Top writer, actor, comedian and TV performer William Caulfield will be bringing it all back home when he performs ‘Our Jimmy’ – a memorable tribute to the great comedian, James Young – in the Ardhowen Theatre, Enniskillen on April 13.

James was a famous Belfast comedian whose monologues on the province were both melancholy and merry, and drew huge audiences before he passed away in 1974.

The iconic Enniskillen venue is where William – a Lurgan, County Armagh native – made his debut in the early 1990s under the nurturing eye of his mentor, Eamon Bradley.

Since then, he has toured the world with his one-man show and was previously a warmup act for both BBC and UTV in a dizzying amount of shows, including ‘The Kelly Show’, ‘Get It Right Next Time’, ‘Town Challenge’, ‘The Daniel O’Donnell Show’, ‘Give My Head Peace’, ‘Saints and Scholars’, ‘Irish Evenings’ and the ‘11 Plus Show’.

In more recent times, he has been concentrating on ‘An Evening with James Young’, and is currently touring the world as a headline act on cruise ships.

When asked by The Impartial Reporter how he got into showbusiness, William said: “I was driving home from work as a car salesman down in Fermanagh and Tyrone in the early 90s. I worked and lived in Clabby outside Tempo.

“I heard that 3,000 people had been killed in The Troubles, and I thought that if James Young was alive today, he would have written one of his poignant monologues [about this].

“So, I went home and wrote one in the style of James, and I read it out on the George Jones Show on BBC, and I did not reference James.

“When I finished, George asked me if I had written it myself, and when I said I did, he said, ‘Well, James Young would be proud of you’.

“They asked me if I could write more, and I went on write more than 250 monologues, mainly comedies, for BBC Radio Ulster.”

Meanwhile, George called William ‘the Bard of Tyrone’ as he was working in Newtownstewart at the time.

William continued: “That is how it started, and the first paid gig I got was Lisnaskea Chamber of Commerce!

“They asked me to do after-dinner speaking, and I had never done it in my life, but I went anyway, and it was successful.”

Meanwhile, he did his first solo show in the Ardhowen Theatre in Enniskillen in 1995, and that was called, ‘A Quare Night’s Craic with a Tribute to James Young’.

A few years previously, William went into the Ardhowen looking for an acting role, and Eamon Bradley gave him a role in a musical, ‘Oaklahama’.

William started as a background actor and the following year Eamon gave him a lead role in ‘My Fair Lady’.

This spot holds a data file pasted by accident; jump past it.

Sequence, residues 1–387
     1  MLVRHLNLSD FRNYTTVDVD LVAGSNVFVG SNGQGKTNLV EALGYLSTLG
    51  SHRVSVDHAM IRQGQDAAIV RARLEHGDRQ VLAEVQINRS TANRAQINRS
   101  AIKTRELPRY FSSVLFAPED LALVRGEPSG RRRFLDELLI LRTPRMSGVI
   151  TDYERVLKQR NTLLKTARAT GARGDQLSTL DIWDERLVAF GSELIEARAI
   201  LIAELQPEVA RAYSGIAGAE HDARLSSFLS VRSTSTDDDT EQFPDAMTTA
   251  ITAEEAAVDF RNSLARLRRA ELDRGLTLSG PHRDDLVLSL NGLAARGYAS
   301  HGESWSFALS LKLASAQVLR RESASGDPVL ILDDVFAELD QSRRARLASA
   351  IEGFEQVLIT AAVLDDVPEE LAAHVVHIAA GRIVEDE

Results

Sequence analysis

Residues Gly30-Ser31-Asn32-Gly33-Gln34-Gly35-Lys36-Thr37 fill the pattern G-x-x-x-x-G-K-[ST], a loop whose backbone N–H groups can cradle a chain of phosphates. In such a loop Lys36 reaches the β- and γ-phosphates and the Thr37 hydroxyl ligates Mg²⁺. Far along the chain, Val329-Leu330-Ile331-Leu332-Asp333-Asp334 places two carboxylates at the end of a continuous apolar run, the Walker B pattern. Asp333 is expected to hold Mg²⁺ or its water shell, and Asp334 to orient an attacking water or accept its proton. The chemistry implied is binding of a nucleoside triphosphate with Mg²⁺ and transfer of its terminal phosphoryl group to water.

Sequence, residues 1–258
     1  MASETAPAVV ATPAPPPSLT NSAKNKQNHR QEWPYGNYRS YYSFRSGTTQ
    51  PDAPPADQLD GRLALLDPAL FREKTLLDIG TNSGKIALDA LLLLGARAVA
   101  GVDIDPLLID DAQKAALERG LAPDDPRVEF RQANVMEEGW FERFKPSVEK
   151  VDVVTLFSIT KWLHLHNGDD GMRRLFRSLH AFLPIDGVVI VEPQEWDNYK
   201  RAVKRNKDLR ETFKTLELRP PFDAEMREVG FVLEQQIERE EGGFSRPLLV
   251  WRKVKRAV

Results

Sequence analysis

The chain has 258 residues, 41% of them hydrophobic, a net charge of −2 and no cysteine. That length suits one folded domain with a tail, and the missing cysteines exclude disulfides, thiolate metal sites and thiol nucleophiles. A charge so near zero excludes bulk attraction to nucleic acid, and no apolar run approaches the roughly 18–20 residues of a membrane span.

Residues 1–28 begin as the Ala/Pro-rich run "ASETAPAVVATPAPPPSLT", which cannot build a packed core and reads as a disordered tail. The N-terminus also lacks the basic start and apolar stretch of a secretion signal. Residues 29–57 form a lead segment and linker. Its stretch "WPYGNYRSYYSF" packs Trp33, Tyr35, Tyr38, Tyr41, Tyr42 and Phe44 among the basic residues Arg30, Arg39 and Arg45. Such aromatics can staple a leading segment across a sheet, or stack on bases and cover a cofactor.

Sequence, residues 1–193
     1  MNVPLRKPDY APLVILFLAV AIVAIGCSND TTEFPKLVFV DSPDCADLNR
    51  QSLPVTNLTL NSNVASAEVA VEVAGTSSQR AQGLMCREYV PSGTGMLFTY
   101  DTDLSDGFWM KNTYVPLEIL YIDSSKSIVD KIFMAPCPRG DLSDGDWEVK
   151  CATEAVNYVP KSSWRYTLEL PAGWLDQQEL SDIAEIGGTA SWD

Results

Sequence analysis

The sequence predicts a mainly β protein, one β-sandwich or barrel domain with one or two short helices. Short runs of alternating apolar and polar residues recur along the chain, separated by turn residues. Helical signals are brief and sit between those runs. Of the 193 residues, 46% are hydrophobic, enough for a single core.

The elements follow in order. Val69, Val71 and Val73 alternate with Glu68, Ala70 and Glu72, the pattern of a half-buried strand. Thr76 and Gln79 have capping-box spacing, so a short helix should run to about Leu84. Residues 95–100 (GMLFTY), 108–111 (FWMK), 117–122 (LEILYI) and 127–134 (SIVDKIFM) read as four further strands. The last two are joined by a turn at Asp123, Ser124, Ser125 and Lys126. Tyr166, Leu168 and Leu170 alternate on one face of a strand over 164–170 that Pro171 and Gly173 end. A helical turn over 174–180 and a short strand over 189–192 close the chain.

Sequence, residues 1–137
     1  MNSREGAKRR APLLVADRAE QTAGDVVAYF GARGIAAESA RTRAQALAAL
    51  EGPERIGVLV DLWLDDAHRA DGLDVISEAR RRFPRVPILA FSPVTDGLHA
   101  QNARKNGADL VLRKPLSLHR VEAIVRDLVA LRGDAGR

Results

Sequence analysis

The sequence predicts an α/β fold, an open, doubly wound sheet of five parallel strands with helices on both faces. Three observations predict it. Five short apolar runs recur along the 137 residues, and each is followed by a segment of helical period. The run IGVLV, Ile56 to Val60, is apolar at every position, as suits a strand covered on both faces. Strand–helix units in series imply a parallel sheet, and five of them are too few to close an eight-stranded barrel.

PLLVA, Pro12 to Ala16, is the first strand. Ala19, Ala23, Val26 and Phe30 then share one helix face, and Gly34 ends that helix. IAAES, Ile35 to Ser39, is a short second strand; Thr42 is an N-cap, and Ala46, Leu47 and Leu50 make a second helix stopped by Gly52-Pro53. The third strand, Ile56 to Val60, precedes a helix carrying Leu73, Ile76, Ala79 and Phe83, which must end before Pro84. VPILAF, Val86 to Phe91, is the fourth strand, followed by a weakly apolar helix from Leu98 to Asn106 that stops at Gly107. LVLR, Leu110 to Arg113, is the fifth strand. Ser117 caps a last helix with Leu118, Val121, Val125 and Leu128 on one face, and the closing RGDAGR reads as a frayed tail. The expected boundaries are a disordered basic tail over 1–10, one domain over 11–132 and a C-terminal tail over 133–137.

He also played in ‘The Christmas Carol’, ‘Annie Get Your Gun’, and he also did quite a bit of summer theatre with Eamon.

William said: “Someone said, ‘You should do your own show’, so I booked the Ardhowen Theatre and did the tribute to James Young, and it sold out in 1995.”

He added: “I always refer to the Ardhowen as ‘my home theatre’, because that is where I started, and any new shows I ever did, I always brought them down to the Ardhowen, because I love the venue and I knew a lot of the people [there].

“I haven’t been to the Ardhowen since 2019, so I am hoping the people of Fermanagh haven’t forgotten about me,” he quipped.

When he spoke to this paper, William was just about to fly out to South Africa, and was due to come back to Ireland on April 11, just ahead of doing his show on April 13.

Just two days later, he will be flying back to New Zealand.

William said: “I am international act, but I love to come home. Eamon Bradley of Enniskillen Drama Group was brilliant to me, and I always look back on him as being my mentor.

“I did not go to drama college, but I was like a sponge, and I sucked up everything at rehearsals, and Eamon was a great teacher.

“It worked, as I transitioned in 12 months from being a background actor to doing a lead.”

William added that he grew up listening to James Young as a child. “It was amazing how he was able to make people laugh one minute, and then reduce them to tears with his poignant monologues.

“He could also play women, and it totally mesmerised me. When I started writing the sketch, it was for the George Jones Show.

“They were recording a Christmas Special in the Group Theatre in Belfast, and George said to me that if I wrote a monologue, he would read it out.

“I was telling Eamon about this, and unknown to me Eamon rang George Jones and told him that I was a performer, and that I had been working on our [Group] stage.

“As a result of Eamon’s phone call, I had to walk out on to the stage of the Group Theatre, and I remember standing there thinking that, ‘This was where James Young was standing when I first heard all the recordings’.

“That was around 1991-92 and I remember being on the stage in Enniskillen and thinking that this was where I was meant to be.

“I enjoyed being on stage, entertaining people, and especially in making them laugh. I found Eamon Bradley to be very talented, welcoming and very supportive.

“But for Eamon and the Ardhowen Theatre and George Jones, I probably would not be in this business, and all the stars aligned for me,” added William.

Tickets for 'Our Jimmy' at The Ardhowen Theatre on Saturday, April 13 are available from, or phone 028 6632 5440.